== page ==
Still at Buccaneer’s Den, I talked to the locals and helped rekindle the bromance between two middle-aged pirates who had fallen out over the Fellowship. Meanwhile, Mandy the barkeeper told me of yet another ritualistic murder that had happened on the island years ago, and was probably the handiwork of Hook.
In the dungeons behind the casino, I found the key to the Shrine of the Codex and Hook’s personal hit list, including Lord British and myself.
I also located the Fellowship torture chamber, full of delightful objects like the guillotine, iron maiden, rats face cage and thumbscrews. Spark, the insensitive teenager that he is, thinks that torture is aaaaaawesome. And wait, is there a person inside that closed iron maiden with blood around it??
I took pity on the prisoners, and released Anton, Alagner’s apprentice who was caught while spying on the Fellowship. Despite the torture, he’s luckier than his unfortunate master. I also freed Sullivan the trickster, who had gone around pretending to be me for the freebies from the gullible merchants; I guess he suffered enough?
After that, it was time for Avatar and the companions’ last adventure on the Isle of the Avatar. It felt a tad sad knowing the game is going to be over soon.
The Isle of the Avatar
At the Shrine’s entrance, I was treated to the Guardian’s Big Belly Laugh. It scared the crap out of me the first time I heard it, but now it just makes me smile fondly. As does the Guardian’s Throne. I wonder if the whole thing was a secret welcome present from the Fellowship that they maybe didn’t think through; why would the Guardian want to remain here and rule from some isolated island?
Despite a few moments of uncertainty, I got through the final dungeon pretty quickly. I love how your enemies in the complex are just called “Fellowship members”; nevermind their backstory, motivations for joining the Fellowship and whether, to quote Faramir in The Two Towers, they were truly evil at heart. Nope they’re just anonymous baddies who deserve to be slaughtered.
I killed a dragon with a dead baby in its stomach, and after robbing its treasure pile my party was almost entirely clad in magical armour, minus magic leggings here or there. I also walked into a teleporting mirror by mistake, which took me back to the Shrine’s entrance where I could enjoy a repeat performance of the Guardian’s mocking laughter.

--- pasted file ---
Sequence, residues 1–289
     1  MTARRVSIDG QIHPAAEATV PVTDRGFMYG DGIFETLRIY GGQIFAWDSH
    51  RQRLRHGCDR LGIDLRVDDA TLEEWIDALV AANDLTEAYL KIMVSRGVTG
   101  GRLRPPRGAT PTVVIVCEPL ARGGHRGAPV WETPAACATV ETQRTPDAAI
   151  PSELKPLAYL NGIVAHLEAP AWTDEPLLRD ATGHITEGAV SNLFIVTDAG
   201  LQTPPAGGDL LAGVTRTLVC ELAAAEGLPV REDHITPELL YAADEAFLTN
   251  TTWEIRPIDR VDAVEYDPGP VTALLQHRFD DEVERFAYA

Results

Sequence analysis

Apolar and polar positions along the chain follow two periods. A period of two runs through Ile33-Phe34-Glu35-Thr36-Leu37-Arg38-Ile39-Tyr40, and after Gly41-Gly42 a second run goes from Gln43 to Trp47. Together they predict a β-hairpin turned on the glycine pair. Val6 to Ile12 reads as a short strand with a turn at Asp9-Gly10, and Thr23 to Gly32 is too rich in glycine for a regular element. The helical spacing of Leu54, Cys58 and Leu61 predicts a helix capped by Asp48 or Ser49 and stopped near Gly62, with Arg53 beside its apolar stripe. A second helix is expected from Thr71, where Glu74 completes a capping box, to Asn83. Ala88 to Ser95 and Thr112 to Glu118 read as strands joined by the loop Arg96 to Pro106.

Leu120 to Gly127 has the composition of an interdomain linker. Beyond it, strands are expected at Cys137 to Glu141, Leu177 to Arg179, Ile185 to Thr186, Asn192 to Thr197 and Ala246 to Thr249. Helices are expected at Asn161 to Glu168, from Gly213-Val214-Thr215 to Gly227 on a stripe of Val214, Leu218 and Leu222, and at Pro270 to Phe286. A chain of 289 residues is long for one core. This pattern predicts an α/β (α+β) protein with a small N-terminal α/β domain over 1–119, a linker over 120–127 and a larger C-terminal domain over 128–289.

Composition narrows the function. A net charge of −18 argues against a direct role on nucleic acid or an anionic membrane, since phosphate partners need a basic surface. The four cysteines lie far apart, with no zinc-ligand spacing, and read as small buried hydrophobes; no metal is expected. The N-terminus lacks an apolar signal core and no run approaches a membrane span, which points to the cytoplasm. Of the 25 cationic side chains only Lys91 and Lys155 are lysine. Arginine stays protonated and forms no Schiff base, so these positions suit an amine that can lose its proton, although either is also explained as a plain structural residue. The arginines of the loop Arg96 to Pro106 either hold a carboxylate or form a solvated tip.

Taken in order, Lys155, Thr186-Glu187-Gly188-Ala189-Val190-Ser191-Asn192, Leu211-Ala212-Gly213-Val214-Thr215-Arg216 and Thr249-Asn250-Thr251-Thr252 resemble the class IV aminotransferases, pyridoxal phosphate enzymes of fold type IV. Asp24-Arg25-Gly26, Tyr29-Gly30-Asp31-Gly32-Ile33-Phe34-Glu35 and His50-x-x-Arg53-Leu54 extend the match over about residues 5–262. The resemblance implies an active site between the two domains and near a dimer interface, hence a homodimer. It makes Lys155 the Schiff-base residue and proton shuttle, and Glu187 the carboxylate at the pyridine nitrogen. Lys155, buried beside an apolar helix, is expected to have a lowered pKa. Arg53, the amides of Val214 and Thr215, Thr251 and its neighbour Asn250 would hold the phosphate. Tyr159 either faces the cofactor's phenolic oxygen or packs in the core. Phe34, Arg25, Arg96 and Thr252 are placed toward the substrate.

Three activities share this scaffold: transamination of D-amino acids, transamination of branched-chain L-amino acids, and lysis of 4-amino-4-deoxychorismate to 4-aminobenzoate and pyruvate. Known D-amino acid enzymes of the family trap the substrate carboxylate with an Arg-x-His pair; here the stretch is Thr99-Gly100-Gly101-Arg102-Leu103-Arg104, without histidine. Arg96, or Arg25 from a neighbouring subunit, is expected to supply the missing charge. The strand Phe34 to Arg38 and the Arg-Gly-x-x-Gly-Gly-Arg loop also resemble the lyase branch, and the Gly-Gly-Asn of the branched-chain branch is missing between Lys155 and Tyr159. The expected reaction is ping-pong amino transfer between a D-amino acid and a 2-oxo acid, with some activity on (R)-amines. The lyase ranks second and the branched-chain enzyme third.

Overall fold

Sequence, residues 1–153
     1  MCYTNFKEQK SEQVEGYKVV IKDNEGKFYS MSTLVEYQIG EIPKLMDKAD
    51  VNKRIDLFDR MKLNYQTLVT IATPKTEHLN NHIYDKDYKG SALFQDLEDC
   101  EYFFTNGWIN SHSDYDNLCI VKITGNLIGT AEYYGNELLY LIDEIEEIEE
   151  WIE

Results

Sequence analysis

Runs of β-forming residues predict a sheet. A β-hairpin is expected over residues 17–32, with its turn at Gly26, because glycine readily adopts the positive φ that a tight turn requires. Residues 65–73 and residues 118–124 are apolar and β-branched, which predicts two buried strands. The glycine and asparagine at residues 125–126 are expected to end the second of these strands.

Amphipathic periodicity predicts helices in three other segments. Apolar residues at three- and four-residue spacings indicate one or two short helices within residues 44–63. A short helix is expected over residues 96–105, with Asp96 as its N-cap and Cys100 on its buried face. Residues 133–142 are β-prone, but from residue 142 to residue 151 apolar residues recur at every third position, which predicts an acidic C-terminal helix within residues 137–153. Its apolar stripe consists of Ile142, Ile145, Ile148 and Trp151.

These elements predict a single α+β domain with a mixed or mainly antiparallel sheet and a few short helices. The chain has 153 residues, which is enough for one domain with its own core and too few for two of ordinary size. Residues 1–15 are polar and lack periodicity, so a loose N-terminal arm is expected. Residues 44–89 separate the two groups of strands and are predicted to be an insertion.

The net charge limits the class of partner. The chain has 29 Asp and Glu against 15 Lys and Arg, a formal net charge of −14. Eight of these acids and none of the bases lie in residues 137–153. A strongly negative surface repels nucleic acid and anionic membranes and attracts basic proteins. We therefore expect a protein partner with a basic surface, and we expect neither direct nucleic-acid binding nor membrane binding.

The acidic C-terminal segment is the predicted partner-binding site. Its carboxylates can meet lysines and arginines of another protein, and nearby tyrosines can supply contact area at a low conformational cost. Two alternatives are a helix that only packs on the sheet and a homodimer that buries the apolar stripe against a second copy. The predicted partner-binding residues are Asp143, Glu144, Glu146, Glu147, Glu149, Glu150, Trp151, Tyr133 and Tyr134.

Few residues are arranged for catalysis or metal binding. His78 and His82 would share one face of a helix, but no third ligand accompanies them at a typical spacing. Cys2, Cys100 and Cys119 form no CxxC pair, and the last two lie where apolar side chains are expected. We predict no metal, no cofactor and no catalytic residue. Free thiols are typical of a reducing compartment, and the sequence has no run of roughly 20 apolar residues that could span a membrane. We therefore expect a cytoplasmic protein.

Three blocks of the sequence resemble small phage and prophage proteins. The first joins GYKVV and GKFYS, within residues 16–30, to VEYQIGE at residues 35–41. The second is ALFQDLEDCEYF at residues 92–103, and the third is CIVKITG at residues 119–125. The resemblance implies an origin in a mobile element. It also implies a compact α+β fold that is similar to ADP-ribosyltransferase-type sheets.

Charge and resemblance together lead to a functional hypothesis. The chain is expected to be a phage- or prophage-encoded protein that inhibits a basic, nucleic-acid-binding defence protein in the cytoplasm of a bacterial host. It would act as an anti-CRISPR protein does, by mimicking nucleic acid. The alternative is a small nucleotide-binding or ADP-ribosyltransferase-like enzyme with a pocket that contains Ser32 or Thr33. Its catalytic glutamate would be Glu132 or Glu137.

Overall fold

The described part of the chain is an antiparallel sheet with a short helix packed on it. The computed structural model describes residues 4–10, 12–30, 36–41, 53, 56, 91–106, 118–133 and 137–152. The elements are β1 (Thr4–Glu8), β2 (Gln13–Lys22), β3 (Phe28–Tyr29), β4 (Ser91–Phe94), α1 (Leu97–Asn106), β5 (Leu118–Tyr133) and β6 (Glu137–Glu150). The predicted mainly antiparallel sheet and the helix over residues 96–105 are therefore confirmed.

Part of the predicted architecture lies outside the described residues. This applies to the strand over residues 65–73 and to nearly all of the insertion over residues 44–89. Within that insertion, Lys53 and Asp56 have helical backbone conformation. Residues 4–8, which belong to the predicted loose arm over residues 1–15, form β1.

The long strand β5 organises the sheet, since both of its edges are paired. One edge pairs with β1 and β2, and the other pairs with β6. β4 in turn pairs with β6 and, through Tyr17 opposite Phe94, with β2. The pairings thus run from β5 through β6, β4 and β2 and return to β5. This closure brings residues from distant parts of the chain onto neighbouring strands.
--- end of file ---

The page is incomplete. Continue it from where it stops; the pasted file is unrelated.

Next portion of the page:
The Throne of Many Changes is a clever fun puzzle which had given me serious grief when I first played TBG. Once I found the Throne of Virtues, Spark jumped in and claimed the chair for himself. No sooner than I chased him away, Tseramed sat on the chair next. Get out of my way you lot, I’m saving Britannia here!
Soon, I found myself in the final chamber, facing the Black Gate and the Fellowship gang, who were pretty easy to dispatch. Batlin escapes and makes his way to the Serpent Isle, and my companions, in a hilarious bit of ill timing, chose the last decisive moments of the game to whinge about being hungry.
The Guardian dares the Avatar to make his choice: either destroy the gate and be stranded in Britannia, or go home and leave Britannia to its fate. Of course my first choice was to walk through the gate and read the grim depressing epilogue. Then, I aimed Rudyom’s Wand and watched the Guardian’s defeat while he howls in frustration.
Say, the Guardian looks pretty ripped. He definitely lets the soft life get to him in between TBG and Ascension where he doesn’t look anywhere as defined. I’m trying to keep the U9 negativity out of this blog, but god I hate hate hate hate the Guardian’s character design in it and especially his stupid heavy goblin jaw.
Poor old Guardian. In the end, you gotta admit he’s pretty dumb and falls for the usual villain cliché of jeering at the heroes, rather than thinking of the fastest and most efficient way to kill them off before they ruin your evil plan.
And that’s it for Ultima VII: The Black Gate. I had a ball replaying it and coming back to Britannia felt like slipping into the comfortable old shoes. If someone asked me, which fictional world you’d like to visit if you had a once-in-a-lifetime chance, Britannia would be my pick. I just love it that much.
Originally I had intended to jump into Serpent Isle straight away, but I thought that, in order to really make this feel like good old times, I could stay in Britannia a bit longer and do something fun and silly. It’s pretty funny that you could spend months in the game and the Guardian would still be just about to enter Britannia.